3.3 Disclosure of sexual violence
After having experienced sexual violence, women (57.3%) more often than men (39.7%) disclosed what happened. Most often, victims talked about what happened to a friend or family (92,21%). In 15% of cases they disclosed to a trust person outside of their inner circle. In 12 cases (2,5%) professional help was consulted and in 7 cases (1,5%) the authorities were notified of the event.
4. Indirect exposure to sexual violence
More than one tenth (12.8%, n = 386) of the study population witnessed potential sexual violence towards another medical student or specialty registrar. In 56% of cases this behaviour was by a medical staff member (n=215) and in 22% of cases this behaviour was by a supervisor (n=83). Other reports involved patients (18%), specialty registrar (18%), paramedical staff (12%) and students (10%) as assailant.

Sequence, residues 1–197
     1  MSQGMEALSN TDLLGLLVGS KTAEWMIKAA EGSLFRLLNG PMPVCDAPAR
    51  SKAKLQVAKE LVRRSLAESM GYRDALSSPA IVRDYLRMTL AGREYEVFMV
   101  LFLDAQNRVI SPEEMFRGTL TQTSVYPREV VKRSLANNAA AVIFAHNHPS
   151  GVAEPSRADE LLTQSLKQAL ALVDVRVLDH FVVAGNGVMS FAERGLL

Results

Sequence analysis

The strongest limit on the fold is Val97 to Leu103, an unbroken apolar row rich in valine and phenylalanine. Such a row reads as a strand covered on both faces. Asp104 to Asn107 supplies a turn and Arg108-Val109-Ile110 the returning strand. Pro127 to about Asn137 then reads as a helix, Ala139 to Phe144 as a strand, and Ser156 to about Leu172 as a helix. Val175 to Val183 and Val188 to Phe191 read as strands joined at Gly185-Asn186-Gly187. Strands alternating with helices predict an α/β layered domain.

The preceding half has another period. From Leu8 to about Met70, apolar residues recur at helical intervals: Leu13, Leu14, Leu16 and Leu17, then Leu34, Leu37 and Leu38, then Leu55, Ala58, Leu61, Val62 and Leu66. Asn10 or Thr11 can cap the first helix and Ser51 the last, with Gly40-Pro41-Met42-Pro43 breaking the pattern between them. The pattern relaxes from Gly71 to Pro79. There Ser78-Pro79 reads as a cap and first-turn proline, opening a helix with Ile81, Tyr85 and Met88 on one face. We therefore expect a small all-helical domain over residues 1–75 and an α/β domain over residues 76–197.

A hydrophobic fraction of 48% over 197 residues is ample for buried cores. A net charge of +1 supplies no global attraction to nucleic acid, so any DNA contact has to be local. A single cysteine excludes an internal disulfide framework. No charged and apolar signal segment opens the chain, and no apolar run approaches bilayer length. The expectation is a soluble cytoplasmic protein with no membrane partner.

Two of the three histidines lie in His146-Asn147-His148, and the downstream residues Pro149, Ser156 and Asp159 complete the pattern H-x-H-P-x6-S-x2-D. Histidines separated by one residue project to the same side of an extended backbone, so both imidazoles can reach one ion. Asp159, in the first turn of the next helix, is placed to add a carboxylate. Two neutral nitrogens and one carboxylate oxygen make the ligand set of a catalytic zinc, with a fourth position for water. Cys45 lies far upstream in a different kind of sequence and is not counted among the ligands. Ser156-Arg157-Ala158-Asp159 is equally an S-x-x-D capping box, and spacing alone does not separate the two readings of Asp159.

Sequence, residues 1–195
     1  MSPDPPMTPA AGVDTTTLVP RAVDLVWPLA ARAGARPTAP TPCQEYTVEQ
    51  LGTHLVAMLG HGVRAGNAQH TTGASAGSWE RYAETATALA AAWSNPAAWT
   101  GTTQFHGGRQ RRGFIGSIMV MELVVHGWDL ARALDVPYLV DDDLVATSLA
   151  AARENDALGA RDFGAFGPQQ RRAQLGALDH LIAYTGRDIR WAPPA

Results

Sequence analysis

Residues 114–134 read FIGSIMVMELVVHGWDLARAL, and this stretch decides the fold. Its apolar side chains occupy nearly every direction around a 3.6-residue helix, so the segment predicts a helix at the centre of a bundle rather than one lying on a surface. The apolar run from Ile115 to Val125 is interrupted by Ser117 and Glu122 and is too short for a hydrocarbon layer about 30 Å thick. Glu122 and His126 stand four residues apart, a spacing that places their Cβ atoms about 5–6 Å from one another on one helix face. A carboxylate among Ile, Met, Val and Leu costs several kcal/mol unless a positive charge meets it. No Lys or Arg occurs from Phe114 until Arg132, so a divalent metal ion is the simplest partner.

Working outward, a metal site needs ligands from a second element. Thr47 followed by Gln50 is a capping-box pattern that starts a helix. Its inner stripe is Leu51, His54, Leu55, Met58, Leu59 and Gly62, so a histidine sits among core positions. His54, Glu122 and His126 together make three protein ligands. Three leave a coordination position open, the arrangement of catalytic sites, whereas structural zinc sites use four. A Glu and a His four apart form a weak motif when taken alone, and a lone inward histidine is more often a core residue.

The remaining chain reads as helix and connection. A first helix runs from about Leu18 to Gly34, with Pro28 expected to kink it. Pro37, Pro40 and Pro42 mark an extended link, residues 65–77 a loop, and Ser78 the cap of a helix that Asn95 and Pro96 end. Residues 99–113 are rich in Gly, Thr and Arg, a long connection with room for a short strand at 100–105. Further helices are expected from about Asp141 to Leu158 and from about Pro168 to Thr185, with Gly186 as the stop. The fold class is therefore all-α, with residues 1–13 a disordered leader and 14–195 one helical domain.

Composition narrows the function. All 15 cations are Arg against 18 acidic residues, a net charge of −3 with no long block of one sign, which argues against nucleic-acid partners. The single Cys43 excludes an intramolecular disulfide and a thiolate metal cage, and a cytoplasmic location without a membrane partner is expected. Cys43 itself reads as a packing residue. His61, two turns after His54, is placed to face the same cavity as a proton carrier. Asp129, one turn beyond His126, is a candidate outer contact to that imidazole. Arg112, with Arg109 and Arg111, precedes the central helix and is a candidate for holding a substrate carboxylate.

After witnessing potential sexual violence, 48.7% asked about the feelings of the person who underwent the situation afterwards, almost one third (33.7%) undertook no action, 27.7% tried to distract the assailant, 5.9% took direct action by intervening or calling out the behaviour and 3.4% notified a superior.
5. Knowledge of support mechanisms and resources in case of sexual violence
Only 40% of respondents claims to know what to do when they experience sexual violence. However, 60% of respondents indicate not to know how to handle these matters. Moreover, 62.8% of respondents do not know how to help somebody who tells them that they have experienced undesirable behaviour, nor know which instances are able to help or give support in this situation (65.1%).